um, We have , uh, probably the dot net. There was a recent one that's still affecting our customers where there was a cookie issue in, in Chrome and Edge , um, because of the version of dot net that we're on. And we're still working through that one and that's required to change. We've you've always got the legacy API's versus the new APIs and a migration period um, so I think we're almost at the point where every part of our Azure environments speaking through the web API , um, again, not technically challenging just takes time. Uh, No, I can't think of anything significant. If they mess up the virtual entities, I won't be happy um,  because we're relying fairly heavily on them at the moment for the market data. So hopefully there's a commitment there. That's always the risk with any third-party platform you build upon is if they end of life something significant. And that was one thing I did learn at Microsoft was what is significant to partners sometimes is a bit of an afterthought within Microsoft, um, and they can make random decisions , uh, to not do things anymore , um, that have a significant impact. And as a, as a program manager in Microsoft, you wouldn't realize, you know, for you, it was a fairly minor decision until then you heard the, the uproar that came back from the partner community , um, so I'm constantly aware of that risk and we're cautious with taking on new things until they've at least gone through three name changes in three versions. Um, We're also constantly keeping an eye on, on things. Um, you know, like dialogues and task flows, I think in the space of six months, they end of life dialogues  end of life tasks flows.

And we're still , um,  sort of cleaning up after that, those changes um, but they're minor in the, in the grand scheme of things at this point.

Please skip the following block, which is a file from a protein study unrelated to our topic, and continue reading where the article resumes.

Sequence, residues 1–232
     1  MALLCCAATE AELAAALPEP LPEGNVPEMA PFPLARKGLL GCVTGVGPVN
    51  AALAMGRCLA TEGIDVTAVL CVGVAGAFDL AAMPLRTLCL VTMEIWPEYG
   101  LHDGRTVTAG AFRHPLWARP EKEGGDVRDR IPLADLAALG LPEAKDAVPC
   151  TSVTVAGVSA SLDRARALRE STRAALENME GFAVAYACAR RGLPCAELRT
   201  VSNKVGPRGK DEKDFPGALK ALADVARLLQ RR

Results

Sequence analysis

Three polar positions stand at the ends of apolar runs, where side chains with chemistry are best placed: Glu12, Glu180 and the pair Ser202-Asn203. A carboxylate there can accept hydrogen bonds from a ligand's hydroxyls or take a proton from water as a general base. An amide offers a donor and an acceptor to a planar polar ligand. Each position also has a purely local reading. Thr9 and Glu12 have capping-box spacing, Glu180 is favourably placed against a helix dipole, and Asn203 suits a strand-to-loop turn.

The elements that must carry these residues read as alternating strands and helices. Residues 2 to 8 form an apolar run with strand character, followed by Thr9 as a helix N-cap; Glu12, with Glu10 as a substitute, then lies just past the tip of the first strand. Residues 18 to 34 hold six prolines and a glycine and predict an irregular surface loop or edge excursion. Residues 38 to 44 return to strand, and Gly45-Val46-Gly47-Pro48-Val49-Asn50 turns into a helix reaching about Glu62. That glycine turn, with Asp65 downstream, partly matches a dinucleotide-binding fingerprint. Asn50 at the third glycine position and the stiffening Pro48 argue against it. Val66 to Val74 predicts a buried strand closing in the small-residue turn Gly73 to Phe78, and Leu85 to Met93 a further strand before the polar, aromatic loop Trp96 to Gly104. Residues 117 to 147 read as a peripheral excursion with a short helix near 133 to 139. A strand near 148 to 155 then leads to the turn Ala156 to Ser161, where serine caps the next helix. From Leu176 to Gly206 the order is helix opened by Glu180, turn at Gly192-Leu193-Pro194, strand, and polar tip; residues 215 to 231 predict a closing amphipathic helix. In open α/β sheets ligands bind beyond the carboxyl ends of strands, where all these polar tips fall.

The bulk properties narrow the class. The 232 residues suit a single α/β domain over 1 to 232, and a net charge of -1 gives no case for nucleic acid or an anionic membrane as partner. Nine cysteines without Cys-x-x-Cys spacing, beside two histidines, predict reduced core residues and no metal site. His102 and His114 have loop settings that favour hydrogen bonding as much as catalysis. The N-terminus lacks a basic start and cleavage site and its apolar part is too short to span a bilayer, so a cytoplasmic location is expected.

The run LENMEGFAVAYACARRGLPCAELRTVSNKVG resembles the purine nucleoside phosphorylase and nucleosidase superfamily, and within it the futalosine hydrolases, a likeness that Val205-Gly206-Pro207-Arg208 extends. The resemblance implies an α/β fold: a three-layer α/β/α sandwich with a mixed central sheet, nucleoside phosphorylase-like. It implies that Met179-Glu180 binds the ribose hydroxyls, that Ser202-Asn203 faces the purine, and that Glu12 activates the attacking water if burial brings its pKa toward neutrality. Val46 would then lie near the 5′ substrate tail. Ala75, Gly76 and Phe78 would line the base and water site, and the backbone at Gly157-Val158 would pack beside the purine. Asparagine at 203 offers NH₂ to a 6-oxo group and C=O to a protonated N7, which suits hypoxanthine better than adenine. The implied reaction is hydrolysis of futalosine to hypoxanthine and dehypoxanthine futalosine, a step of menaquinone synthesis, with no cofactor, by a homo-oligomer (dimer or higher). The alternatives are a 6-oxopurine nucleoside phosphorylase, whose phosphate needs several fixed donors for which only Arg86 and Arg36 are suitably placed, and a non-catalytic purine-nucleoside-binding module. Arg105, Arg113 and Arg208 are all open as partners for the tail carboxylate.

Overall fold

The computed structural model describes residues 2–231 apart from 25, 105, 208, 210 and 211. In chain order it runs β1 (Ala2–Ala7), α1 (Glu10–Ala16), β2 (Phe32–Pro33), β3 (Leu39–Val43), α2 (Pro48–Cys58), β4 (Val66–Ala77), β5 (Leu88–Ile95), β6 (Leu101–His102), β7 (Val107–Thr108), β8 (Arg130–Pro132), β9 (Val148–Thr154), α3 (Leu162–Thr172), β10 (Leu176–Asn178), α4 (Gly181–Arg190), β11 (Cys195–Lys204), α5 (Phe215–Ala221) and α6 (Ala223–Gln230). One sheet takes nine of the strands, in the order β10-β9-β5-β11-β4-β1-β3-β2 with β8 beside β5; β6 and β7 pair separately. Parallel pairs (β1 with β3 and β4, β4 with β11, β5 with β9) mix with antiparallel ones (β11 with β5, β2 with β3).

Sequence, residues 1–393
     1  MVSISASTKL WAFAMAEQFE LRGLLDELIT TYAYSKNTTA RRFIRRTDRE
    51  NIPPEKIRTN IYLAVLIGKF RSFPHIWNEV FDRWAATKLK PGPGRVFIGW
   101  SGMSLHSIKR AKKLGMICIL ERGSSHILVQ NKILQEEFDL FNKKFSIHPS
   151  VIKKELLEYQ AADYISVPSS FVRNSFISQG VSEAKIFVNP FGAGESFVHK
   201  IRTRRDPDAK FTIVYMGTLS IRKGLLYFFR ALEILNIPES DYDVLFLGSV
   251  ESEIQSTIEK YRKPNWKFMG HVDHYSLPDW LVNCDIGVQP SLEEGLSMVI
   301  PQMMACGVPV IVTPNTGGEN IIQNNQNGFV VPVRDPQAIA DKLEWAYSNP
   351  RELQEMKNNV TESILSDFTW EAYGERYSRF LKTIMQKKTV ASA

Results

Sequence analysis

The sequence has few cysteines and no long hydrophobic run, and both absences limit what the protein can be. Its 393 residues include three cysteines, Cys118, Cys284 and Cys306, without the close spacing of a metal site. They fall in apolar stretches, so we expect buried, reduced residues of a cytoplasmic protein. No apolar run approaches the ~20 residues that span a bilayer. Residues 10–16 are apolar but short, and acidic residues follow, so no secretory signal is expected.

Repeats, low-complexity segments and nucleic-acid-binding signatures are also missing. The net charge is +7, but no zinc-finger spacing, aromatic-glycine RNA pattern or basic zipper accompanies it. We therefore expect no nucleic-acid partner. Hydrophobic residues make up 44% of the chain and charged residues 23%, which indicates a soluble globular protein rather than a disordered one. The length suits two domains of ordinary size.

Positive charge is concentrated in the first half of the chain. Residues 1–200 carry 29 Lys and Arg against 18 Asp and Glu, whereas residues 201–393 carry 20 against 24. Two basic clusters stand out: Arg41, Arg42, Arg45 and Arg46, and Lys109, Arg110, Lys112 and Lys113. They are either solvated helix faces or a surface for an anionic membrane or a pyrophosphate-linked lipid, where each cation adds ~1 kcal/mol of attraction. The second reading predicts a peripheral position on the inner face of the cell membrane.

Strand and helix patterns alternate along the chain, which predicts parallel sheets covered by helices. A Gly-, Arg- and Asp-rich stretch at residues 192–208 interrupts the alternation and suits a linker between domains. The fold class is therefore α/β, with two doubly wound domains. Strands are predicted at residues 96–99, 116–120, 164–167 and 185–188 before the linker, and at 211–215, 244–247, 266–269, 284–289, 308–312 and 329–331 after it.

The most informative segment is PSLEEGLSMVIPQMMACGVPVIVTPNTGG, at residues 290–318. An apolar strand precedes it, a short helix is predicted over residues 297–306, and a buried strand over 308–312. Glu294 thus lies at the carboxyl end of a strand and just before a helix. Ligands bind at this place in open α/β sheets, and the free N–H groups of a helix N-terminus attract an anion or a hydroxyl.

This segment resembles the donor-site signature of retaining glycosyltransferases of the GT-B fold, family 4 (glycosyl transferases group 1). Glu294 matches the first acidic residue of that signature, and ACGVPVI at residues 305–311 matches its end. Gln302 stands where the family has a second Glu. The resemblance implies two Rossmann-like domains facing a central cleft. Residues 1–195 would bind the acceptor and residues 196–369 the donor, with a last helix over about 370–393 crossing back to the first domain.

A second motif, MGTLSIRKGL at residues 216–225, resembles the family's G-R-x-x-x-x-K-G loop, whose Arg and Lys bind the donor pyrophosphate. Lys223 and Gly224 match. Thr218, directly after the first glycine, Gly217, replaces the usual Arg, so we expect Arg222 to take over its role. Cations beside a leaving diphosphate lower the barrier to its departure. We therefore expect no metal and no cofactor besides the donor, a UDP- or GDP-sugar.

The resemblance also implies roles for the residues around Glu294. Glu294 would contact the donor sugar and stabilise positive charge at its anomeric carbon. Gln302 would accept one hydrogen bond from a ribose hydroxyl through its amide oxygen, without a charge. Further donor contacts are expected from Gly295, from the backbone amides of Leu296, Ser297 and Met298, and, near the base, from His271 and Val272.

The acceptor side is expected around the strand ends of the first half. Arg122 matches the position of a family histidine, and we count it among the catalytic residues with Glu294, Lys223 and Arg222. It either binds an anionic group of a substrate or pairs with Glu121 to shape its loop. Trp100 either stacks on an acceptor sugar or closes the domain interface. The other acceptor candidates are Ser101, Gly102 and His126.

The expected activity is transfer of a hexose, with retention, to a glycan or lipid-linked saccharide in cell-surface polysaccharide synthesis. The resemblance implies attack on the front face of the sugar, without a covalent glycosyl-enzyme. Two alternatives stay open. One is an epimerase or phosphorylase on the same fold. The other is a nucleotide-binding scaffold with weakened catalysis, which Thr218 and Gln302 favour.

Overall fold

Neil Benson: [00:32:37] What are you hoping for? You mentioned virtual entities. Um, I think there's renewed investment in virtual entities after a little hiatus for awhile, which is good. And we've now got the ability to, to , um, create and read, sorry, uh, create and update through the virtual entity API, which is fantastic. What other investments would you love to see Microsoft make to make your life easier?

Stephen Handley: [00:33:01] I haven't played around enough yet. So one of the ongoing challenges with dynamics is the interface. It's busy, it's a CRM , uh, we're starting to play with, with PCF and, and some of the things that make it more possible for us to take control , get, get things out of the ribbon, just clean it up, have specific apps for specific , uh, employees in a particular customer business that are focused more on their, their function.

Um, I think training people on Dynamics at this point is still, it's a pretty long curve because of how busy and we've we've spent a fair bit of time trying to clean it up, but that's going to be an increased area of focus for us. Now that the product, the underlying product capabilities are very mature.